Melissa (computer virus)
This article provides insufficient context for those unfamiliar with the subject.July 2018) (Learn how and when to remove this template message)(
|Author(s)||David L. Smith|
|Operating system(s) affected||Windows 95, Windows 98, Windows Me, Windows NT, Windows 2000, Windows XP|
The Melissa virus was a mass-mailing macro virus. As it was not a standalone program, it was not a worm. It targeted Microsoft Word and Outlook-based systems, and created considerable network traffic.
Around March 26, 1999 the Melissa virus was put into the wild by David L. Smith of Aberdeen Township, New Jersey. The virus itself was credited to Kwyjibo, who was shown to be the macrovirus writers VicodinES and ALT-F11 by comparing Microsoft Word documents with the same globally unique identifier — this method was also used to trace the virus back to Smith. On December 10, 1999, Smith pleaded guilty to releasing the virus and was sentenced to 10 years in prison, serving 20 months. He was also fined US $5,000. The arrest was the result of a collaborative effort involving (amongst others) the FBI, the New Jersey State Police, Monmouth Internet, and a Swedish computer scientist. David L. Smith was accused of causing $80 million worth of damages by disrupting personal computers and computer networks in business and government.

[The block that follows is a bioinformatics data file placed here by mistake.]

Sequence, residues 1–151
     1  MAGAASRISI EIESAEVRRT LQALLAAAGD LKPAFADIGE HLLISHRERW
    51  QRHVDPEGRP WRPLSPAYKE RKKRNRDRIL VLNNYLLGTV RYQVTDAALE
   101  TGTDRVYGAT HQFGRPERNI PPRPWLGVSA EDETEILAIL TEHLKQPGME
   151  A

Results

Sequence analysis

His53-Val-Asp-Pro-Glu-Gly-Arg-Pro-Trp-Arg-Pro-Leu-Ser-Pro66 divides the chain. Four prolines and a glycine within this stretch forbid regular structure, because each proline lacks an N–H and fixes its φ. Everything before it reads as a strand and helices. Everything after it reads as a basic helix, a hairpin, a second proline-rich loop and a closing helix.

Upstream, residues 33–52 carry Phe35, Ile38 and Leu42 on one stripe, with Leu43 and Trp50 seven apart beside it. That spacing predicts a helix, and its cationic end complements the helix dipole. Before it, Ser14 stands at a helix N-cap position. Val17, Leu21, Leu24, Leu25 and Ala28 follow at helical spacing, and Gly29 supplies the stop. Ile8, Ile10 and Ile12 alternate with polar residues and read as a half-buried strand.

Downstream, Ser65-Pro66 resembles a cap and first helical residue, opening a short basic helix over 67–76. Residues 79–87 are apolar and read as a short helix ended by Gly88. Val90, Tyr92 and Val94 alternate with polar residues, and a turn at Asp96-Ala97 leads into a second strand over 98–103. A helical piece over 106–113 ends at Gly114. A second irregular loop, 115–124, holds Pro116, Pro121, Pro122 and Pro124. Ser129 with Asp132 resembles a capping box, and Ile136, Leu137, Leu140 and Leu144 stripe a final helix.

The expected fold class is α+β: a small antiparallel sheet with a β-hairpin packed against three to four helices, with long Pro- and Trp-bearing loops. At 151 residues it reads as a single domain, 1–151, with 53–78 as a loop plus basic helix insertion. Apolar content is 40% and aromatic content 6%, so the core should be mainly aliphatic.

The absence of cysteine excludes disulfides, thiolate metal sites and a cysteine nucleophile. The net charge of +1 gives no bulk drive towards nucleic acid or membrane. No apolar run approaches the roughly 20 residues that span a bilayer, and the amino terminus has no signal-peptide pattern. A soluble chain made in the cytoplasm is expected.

The code for Melissa was based on the first 'Outlook mail enabled' macro virus, ColdApe.A. 
"Nick Fitzgerald, a consulting editor for Virus Bulletin Magazine, once made the mistake of publicly scorning a virus writer for his "pathetic" programming abilities and later found himself on the receiving end of a creation called Cold Ape. A.k.a The Love Monkey Virus. Users infected by ColdApe unwittingly sent e-mails to Fitzgerald's address at Virus Bulletin, informing him that they wanted to make "hot monkey love" to him. Fitzgerald says that ColdApe cost him and Virus Bulletin "hundreds of hours" of work." 
- Code Red (computer worm)
- Comparison of computer viruses
- Morris worm
- SQL Slammer
- Timeline of computer viruses and worms
- "W97M.Melissa.A". Symantec. Retrieved 9 February 2013.
- Poulson. "Justice mysteriously delayed for 'Melissa' author".
- "Creator of Melissa Computer Virus Sentenced to 20 Months in Federal Prison" (Press release). U.S. Department of Justice. 2002-05-01. Retrieved 2006-08-30.
- Tracking Melissa's alter egos, ZDNet, 1999-04-02
- Throwback Thursday: The Number of the Beasts, virusbulletin.com, 2000-08-02
- Notes from the virus Underground..., Rolling Stone Magazine, 1999-09-16